Designing Sustainable Futures

A talk explores new avenues of creating design-sustainable cultures


Vegan wool, made from pineapple heads

Busi Prafula Grace

Bangalore: What do pineapple leather, a buoy that generates crypto-currency, and street art have in common? More than we realise, according to the curators of this year’s Bengaluru byDesign, a festival that is dedicated to the public and aims to explore innovations in design.

"We're looking at how design generates behaviours and shapes our collective experiences," said founder and curator of Bengaluru byDesign, Suprita Moorthy, at a recent talk titled 'Culture makes Design; Design makes Culture' that focused on hot- topics such as education, sustainability, and community design.

Design is being used in increasingly unconventional ways as a means to bring sustainable alternatives into the public conscience. Designer and creative producer at Central Saint Martins College, Kate Pelen, presented the ideas of design students at the University of the Arts, London, ranging from leather and wool made from fruit byproducts, high-end fabrics made of recycled cassette tapes, to toiletry products packaged in soap.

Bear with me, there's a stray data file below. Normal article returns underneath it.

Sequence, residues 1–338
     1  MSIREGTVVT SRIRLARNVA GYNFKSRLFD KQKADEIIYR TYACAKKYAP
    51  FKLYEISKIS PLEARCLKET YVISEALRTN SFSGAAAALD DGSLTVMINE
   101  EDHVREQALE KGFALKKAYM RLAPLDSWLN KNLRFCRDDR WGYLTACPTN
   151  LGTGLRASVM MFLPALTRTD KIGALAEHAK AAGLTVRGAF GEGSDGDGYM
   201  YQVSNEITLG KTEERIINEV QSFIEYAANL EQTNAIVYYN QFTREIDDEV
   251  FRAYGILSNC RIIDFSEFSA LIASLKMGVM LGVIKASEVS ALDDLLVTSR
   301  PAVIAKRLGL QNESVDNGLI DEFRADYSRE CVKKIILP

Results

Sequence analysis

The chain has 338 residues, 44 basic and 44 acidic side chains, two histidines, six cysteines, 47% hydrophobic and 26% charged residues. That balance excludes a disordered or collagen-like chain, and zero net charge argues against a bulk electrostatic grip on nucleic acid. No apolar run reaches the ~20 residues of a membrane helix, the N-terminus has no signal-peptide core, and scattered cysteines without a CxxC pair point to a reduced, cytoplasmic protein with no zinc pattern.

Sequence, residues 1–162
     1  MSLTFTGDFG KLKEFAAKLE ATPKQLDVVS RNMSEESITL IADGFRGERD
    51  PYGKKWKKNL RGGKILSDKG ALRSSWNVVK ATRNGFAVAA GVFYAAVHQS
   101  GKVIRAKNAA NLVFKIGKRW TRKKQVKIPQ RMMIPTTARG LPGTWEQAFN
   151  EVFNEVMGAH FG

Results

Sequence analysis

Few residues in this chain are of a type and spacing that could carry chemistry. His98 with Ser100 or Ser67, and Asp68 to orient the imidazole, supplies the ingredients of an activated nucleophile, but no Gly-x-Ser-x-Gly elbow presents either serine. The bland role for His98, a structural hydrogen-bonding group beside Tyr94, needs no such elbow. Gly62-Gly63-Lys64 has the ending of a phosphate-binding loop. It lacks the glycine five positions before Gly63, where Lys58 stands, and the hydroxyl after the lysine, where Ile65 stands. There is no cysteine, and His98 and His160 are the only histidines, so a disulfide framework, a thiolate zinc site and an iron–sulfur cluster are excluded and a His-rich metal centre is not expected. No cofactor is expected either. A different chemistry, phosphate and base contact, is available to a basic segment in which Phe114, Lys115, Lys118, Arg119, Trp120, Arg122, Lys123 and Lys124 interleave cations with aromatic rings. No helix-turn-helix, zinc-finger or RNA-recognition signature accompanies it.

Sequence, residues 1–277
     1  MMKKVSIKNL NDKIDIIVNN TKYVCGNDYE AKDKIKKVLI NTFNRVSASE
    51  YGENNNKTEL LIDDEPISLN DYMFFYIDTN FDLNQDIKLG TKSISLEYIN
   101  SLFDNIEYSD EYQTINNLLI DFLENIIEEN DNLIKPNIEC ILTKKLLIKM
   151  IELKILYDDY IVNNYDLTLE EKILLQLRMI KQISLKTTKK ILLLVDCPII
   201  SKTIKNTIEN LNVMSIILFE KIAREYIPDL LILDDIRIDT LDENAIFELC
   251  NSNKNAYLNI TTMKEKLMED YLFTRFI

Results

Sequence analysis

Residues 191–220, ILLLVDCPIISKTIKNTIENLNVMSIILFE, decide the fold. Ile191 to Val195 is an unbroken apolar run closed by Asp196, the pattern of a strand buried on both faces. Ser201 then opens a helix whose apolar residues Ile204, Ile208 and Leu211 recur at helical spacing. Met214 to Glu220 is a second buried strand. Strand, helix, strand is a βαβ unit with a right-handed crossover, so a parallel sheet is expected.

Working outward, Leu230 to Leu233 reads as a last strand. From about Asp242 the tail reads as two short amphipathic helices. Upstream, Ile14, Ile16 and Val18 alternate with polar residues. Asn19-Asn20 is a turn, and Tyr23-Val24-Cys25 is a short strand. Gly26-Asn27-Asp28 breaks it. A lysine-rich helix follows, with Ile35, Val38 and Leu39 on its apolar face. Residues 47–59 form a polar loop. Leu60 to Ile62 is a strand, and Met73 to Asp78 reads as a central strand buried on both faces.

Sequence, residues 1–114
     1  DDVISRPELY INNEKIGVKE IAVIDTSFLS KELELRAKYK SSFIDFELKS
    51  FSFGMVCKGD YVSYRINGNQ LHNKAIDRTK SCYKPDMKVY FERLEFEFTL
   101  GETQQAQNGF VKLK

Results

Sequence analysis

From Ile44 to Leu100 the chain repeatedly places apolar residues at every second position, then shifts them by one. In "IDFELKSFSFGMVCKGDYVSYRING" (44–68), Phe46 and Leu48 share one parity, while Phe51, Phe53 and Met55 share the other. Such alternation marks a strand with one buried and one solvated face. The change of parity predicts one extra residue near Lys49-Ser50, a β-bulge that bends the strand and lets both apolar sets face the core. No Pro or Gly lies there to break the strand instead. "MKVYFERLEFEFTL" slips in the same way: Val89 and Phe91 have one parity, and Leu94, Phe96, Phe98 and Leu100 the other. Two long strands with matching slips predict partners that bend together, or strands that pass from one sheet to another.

These projects, which meld automation and design, are not only created keeping in mind pressing environmental concerns, but also look to positively impact disadvantaged communities. Mäel Hénaff's 'Sea Money-Maker,' for example, is a tidal-powered buoy that allows an impoverished community in the coastal village of Jaywick, England, to generate crypto-currency as a form of employment.

'Sustainable' fabric woven from old casette tapes

Closer home, organisations such as Bangalore-based Jaaga are using 'techart' installations to solve urban problems. "Bringing art into the city is a way to engage with the people, the government, and other public stakeholders," said founder Archana Prasad. Jaaga, she added, uses the United Nations' Sustainable Development Goals (SDGs) as the parameters for their projects to increase awareness and provide creative spaces.

Present also at the talk were design entrepreneurs and academics who echo the Bengaluru byDesign’s 'art for all' philosophy through their bodies of work. The St+Art India Foundation, for instance, is a non-profit agency based in Delhi that works with residents of the 'art districts' in different cities "Art shouldn't be a commodity for the elite," stressed co-founder Akshat Nauriyal, "the idea is to bring communities together and instigate conversations using street art," he added.

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